The same machine can and has frequently been used at värious times as a dynamo for electric lights and at other times for a motor; but there are numerous mechanical and electrical modifications essential to obtain the best results in an electric motor. The first use of an electric motor in any of the cotton mills represented in this Association occurred in a thread mill in Newark, where a dynamo was used in 1882 as a motor to run a lot of thread-winding machines.
Electric motors are now used for hundreds of purposes, but this paper
will be confined to references to their uses in cotton mills.
Electric motors are frequently proportioned to use low-pressure currents of electricity, like those employed for direct incandescent lighting.
There are many places where motors can be operated by wires from any of the direct incandescent lighting dynamos ; but, if the power required for the motor is more than about one-fifth that required to keep the whole number of lamps lighted, the lights will rise and fall in brilliancy, like those in an electric car when the motor starts and stops, the lighting service is unsatisfactory and the life of the lamps diminished.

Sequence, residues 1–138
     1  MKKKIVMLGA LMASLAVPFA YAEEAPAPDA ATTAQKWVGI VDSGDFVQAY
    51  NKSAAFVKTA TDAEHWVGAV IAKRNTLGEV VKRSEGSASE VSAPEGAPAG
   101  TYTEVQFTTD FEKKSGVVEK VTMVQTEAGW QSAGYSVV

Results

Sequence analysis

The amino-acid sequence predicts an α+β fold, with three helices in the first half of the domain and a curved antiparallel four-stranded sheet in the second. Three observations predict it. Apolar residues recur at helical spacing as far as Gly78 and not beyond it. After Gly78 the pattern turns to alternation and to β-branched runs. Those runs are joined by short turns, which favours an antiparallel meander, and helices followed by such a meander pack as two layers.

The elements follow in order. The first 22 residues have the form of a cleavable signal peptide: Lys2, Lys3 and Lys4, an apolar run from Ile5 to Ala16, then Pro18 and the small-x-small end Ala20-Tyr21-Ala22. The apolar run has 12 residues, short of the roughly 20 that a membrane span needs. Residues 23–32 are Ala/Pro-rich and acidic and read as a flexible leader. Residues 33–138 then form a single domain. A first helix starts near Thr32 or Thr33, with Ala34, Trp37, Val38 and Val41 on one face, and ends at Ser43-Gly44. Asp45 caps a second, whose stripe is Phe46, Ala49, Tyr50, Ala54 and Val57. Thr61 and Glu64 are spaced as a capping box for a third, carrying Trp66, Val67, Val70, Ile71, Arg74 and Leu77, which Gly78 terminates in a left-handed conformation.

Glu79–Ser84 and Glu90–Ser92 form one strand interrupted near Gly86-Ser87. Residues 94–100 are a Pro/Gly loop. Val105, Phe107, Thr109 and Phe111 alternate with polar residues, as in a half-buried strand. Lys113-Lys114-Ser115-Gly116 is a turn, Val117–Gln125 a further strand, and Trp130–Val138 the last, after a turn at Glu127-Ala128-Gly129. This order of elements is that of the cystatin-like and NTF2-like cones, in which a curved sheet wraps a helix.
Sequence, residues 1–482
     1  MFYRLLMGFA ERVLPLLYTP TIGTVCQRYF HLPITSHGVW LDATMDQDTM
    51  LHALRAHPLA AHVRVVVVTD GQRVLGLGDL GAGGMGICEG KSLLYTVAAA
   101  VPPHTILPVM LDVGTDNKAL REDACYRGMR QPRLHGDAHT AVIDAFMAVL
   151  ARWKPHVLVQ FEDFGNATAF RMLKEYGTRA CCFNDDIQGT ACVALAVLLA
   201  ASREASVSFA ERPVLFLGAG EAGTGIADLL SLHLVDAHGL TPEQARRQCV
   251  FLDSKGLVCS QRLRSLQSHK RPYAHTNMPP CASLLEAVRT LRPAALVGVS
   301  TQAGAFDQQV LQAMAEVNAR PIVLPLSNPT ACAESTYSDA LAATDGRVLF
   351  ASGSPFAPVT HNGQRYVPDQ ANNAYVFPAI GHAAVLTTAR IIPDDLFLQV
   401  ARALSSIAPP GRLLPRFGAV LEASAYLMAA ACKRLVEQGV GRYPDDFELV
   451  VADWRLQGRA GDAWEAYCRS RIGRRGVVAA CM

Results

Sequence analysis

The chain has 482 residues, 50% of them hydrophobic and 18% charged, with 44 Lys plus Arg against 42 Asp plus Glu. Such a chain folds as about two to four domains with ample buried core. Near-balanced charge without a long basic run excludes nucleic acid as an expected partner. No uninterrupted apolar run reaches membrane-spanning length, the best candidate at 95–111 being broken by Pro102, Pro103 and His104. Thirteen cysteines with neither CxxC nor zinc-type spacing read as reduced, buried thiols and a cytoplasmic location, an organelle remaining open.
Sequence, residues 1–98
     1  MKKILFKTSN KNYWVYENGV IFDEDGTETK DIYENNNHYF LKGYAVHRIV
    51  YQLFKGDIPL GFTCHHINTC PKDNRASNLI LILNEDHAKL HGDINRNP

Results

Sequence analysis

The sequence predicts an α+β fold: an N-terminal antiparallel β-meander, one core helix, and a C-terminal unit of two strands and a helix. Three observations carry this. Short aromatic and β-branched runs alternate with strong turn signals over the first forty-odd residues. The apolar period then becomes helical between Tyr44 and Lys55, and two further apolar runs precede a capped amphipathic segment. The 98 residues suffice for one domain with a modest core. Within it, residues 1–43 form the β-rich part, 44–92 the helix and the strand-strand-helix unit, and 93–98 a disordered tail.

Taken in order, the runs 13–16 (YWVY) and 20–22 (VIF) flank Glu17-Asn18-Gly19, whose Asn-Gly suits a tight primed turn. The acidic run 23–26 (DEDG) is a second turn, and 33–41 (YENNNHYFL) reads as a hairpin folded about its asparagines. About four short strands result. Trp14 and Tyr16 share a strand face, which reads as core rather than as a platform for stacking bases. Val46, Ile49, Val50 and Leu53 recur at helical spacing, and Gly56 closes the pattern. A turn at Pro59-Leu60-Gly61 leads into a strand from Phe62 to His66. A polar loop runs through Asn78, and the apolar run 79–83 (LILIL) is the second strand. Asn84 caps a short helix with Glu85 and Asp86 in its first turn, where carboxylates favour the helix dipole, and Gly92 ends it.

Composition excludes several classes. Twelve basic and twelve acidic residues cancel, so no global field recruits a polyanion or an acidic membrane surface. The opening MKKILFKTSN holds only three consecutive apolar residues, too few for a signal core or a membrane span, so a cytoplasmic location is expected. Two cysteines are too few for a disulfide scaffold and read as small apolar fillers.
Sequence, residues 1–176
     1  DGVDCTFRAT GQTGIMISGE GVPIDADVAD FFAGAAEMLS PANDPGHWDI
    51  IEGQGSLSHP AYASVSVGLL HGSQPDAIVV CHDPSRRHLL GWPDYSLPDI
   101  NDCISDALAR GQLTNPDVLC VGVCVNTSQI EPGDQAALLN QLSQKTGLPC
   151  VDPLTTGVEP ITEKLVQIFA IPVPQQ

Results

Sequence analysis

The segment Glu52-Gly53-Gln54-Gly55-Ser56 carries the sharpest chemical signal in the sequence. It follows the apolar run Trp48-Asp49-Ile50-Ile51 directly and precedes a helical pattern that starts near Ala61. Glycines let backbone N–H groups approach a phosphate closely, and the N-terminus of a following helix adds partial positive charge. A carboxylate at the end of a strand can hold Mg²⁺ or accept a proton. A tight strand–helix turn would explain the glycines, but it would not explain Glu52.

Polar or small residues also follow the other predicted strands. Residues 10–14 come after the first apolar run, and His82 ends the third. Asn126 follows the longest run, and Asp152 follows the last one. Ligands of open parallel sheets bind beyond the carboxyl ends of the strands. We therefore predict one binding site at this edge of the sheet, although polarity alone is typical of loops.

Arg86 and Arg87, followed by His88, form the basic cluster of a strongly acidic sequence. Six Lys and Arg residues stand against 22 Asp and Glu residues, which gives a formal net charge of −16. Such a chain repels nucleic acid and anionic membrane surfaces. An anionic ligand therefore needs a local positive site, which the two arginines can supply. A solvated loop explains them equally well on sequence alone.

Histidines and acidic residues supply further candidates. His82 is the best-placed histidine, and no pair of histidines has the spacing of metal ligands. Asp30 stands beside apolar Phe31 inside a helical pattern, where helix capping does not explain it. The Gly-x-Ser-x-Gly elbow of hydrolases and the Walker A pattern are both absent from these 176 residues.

The problem is one which must be worked out in each case; sometimes, when a small motor is required for use at short intervals during the day, it might be the more economical to use conductors from a large dynamo which is already installed for lighting the mill at other times. If constant service is required from the motor, then a separate generating dynamo is advisable; and it may be said that in the generality of work it is preferable to put in a generator suitable for furnishing the current to the motors.
The principle holds as good in electric apparatus as in all other machinery, — that more satisfactory results are obtained
when there is no attempt made to require a more varied service from any machine than it is fully adequate to furnish.
It is generally advisable to use electricity for the transmission of power at a much higher pressure than that found best